In Exodus chapter 40, we read about the Lord telling Moses how to construct the Tabernacle and all it’s utensils. Once Moses finished, “Then the cloud covered the tent of meeting, and the glory of the Lord filled the tabernacle. Moses was not able to enter the tent of meeting because the cloud had settled on it, and the glory of the Lord filled the tabernacle.” From then on the presence of the glory cloud lead Israel in all their journeying.

Later on after Israel had entered and settled in the Promised Land, King Solomon had the Temple built. When the time came to dedicate the temple and pray, an amazing thing happened. We read, “fire came down from heaven and consumed the burnt offering and the sacrifices, and the glory of the Lord filled the house. The priests could not enter into the house of the Lord because the glory of the Lord filled the Lord’s house” (2 Chronicles 7:1-2).

In yet another unprecedented move, God revealed His glory but this time it wasn’t in a tent or building made with human hands. This time it was within one particular man named Jesus. In the gospel of John we find out Jesus is the Word and “the Word became flesh, and dwelt among us, and we saw His glory, glory as of the only begotten from the Father, full of grace and truth” (John 1:14).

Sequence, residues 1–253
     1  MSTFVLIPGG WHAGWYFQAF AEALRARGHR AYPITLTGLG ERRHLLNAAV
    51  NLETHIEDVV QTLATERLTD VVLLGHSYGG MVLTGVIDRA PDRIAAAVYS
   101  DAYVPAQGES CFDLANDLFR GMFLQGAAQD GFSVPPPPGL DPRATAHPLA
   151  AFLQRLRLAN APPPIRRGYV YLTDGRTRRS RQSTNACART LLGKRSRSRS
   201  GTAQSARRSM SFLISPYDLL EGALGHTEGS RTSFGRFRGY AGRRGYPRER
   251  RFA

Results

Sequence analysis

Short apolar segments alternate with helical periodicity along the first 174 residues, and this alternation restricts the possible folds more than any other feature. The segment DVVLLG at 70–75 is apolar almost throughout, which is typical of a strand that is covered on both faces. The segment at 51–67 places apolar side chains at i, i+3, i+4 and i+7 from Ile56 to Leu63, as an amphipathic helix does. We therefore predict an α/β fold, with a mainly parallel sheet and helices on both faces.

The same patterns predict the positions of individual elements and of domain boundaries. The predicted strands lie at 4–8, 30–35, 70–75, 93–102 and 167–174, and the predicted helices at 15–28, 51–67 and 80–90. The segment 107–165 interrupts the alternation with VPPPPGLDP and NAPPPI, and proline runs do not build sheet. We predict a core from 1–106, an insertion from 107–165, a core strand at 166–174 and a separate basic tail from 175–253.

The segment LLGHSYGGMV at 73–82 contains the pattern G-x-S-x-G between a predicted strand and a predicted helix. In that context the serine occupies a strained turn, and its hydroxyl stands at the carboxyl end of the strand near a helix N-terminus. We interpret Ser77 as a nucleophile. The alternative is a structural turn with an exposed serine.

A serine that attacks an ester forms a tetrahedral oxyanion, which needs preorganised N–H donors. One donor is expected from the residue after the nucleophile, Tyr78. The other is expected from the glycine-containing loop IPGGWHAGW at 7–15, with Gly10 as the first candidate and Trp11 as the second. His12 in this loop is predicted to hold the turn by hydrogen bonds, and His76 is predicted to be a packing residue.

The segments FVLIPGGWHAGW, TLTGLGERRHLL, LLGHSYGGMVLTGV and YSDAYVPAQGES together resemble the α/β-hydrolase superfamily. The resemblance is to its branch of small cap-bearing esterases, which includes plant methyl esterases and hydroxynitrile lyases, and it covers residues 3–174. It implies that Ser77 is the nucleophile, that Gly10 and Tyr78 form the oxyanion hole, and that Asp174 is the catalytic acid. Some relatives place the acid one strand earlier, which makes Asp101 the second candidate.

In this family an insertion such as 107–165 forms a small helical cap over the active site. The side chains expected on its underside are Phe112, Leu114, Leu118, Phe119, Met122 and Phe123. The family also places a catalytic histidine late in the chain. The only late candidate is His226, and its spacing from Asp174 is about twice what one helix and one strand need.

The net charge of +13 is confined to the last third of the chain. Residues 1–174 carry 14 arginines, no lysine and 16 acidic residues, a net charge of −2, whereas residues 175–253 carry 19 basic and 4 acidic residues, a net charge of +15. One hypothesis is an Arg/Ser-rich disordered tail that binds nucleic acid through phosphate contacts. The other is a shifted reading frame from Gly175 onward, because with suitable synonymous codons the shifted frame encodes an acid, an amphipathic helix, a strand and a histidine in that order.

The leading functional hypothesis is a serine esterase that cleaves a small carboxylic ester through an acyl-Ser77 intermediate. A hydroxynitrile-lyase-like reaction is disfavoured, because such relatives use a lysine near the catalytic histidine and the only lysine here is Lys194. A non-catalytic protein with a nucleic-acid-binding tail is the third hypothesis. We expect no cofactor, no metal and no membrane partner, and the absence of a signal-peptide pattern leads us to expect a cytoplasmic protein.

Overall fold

Toward the end of Jesus’ earthly ministry, He shared with His disciples what God’s plan had been all along. He said, “He who has seen me has seen the Father…” (John 14:9). Then He said something truly astounding. He said, “Do you not believe that I am in the Father, and the Father is in me? The words that I say to you I do not speak on my own initiative, but the Father abiding in me does His works” (John 14:10). Did you catch that? Jesus, himself a man, declared “the Father abiding in me does His works!” In other words, throughout the Old Covenant and all of God’s dealing’s with man, He has demonstrated our inability to obtain His glory independently.

Moses couldn’t enter the Tabernacle, meaning he couldn’t do anything because it was God’s glory, which represents His presence, who would perform all that was required. And again in the Temple, we see the priests couldn’t enter to do “their” work because God’s glory filled the Temple. Are you starting to get the point? Only God can do what God commands.

Jesus, God in the flesh, demonstrated for us how mankind was always meant to operate. He repeatedly told His disciples “the Son can do nothing of Himself, unless it is something he sees the Father doing..”, “I can do nothing on my own initiative”, “I did not speak on my own initiative, but the Father Himself who sent me has given me a commandment as to what to say and what to speak.”

We can’t stop with Jesus though. God intends for His glory to be returned to all who call on Him in faith. Jesus said, “I will ask the Father, and He will give you another Helper, that He may be with you forever; that is the Spirit of truth, whom the world cannot receive, because it does not see Him or know Him, but you know Him because He abides with you and will be in you…In that day you will know that I am in My Father, and you in me, and I in you” (John 14:16-20).